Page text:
In This Issue
Winter Bridge on Frontiers of Engineering
December 18, 2019 Volume 49 Issue 4

President's Perspective: What Is Engineering?

Wednesday, December 18, 2019

Author: John L. Anderson

“A scientist studies what is, whereas an engineer creates what never was.”

       – Theodore von Kármán[1]

The National Academy of Engineering carries the flag of the engineering profession in the United States. But when I asked the NAE for a definition of “engineering” eight years ago, I was referred to the famous quote by von Kármán. Inspiring, but not definitive. Visual artists, composers, and ditch diggers also create “what never was.”

The origin of the word engineer is in the Latin ingeniator: one who devises. It is associated with ingenious and ingenuity.[2] The French word for those who practice our profession is ingénieurs; in Swedish, it’s ingenjörs.

I think it is time we try to define engineering in an operational sense. A start is to suggest important words that characterize the profession—for example, create, design, systems, processes, artifacts (products). Skill sets and knowledge bases also shape the definition and practice of our profession; examples include computation, science, operations. The goal is to “create” a concise definition of engineering.

Here are a few expressions:

  • Engineering is “The systematic application of scientific knowledge in developing and applying technology.” (AAAS 1989, p. 26)
  • “Engineering involves the knowledge of the mathematical and natural sciences (biological and physical) gained by study, experience, and practice that are applied with judgment and creativity to develop ways to utilize the materials and forces of nature for the benefit of mankind.” And an engineer is “A person who is trained in and uses technological and scientific knowledge to solve practical problems.” (ITEA 2007, p. 238)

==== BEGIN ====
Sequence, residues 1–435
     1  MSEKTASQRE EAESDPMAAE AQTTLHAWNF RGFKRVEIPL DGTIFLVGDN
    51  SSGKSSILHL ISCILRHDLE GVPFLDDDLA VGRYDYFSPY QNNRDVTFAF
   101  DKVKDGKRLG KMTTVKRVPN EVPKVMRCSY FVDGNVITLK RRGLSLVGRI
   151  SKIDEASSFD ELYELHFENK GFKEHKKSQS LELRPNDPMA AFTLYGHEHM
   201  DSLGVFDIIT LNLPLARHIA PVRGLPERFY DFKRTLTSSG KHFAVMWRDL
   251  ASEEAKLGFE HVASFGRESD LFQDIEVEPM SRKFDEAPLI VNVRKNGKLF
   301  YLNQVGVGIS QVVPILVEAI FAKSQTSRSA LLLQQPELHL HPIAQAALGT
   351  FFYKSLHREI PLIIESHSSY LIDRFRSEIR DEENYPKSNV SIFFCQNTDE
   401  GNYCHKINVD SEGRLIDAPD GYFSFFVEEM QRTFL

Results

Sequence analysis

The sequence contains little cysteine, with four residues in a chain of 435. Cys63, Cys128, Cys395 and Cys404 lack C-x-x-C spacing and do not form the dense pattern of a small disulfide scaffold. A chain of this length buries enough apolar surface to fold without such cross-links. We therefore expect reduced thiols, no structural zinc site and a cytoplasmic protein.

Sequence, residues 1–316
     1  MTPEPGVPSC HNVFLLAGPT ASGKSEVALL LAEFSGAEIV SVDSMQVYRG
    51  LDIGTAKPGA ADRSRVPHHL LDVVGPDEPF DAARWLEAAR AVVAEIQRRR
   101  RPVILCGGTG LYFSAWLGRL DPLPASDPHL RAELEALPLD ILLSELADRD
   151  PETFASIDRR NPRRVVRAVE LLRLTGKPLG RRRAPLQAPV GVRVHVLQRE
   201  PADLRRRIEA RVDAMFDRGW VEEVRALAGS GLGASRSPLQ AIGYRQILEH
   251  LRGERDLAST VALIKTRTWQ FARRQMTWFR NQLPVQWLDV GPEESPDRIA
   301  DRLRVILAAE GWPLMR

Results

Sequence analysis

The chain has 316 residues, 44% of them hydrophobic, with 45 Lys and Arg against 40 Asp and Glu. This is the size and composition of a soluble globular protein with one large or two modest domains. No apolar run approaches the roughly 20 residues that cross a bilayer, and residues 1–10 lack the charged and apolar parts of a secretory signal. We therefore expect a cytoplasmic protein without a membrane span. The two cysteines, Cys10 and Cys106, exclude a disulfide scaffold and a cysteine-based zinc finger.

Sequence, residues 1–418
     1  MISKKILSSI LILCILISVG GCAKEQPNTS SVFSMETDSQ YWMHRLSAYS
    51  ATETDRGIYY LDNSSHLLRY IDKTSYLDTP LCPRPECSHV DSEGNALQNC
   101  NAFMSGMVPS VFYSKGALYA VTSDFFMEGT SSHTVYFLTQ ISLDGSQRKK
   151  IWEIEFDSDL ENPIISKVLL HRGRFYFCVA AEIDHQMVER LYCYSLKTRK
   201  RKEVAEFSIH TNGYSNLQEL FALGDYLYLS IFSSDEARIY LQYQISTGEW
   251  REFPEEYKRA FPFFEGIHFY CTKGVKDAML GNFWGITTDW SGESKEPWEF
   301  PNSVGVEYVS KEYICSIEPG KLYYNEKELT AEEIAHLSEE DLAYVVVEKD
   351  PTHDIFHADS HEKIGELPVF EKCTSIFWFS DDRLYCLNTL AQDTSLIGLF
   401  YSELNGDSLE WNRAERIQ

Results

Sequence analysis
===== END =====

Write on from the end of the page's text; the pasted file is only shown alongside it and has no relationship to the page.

• “Engineering is a systematic and often iterative approach to designing objects, processes, and systems to meet human needs and wants.” (NAGB 2014, p. 1-4)
  • Engineering is the act of creating artifacts, processes, or systems that advance technology and address human needs using principles of the sciences, mathematics, computing, and operations.

We can benefit from a short but substantive phrase to use when asked “What is engineering?,” whether by a cabdriver or at a cocktail party or when talking with members of Congress. It is important that the general public, including lawmakers and influencers, appreciate the essence of engineering, its contributions, and the fact that it is a separate and just as influential partner with the sciences.

Let me know what you think. Send comments or suggestions to me via Bridge managing editor Cameron Fletcher (CFletcher@nae.edu). I am always pleased to hear from our readers, on this as well as bold, forward-looking ideas for the programs of the National Academy of Engineering.

References

AAAS [American Association for the Advancement of -Science]. 1989. Science for All Americans. Washington. Available at www.project2061.org/publications/sfaa/online/sfaatoc.htm.

ITEA [International Technology Education Association]. 2007. Standards for Technological Literacy: Content for the Study of Technology, 3rd ed. Reston VA.

NAGB [National Assessment Governing Board]. 2013. Technology and Engineering Literacy Framework for the 2014 National Assessment of Educational Progress. Washington.

NRC [National Research Council]. 2001. Theoretical Foundations for Decision Making in Engineering Design. -Washington: National Academy Press.

Stone H. 2019. The origin of the word engineer. Seminar, Engineering as a 21st Century Liberal Art, May 1, Princeton University.


[1]  Quoted in NRC (2001, p. 1).

[2]  I tip my hat to Howard Stone, who introduced me to this etymology and continues to enlighten audiences about it (Stone 2019). 

About the Author:John L. Anderson is president of the NAE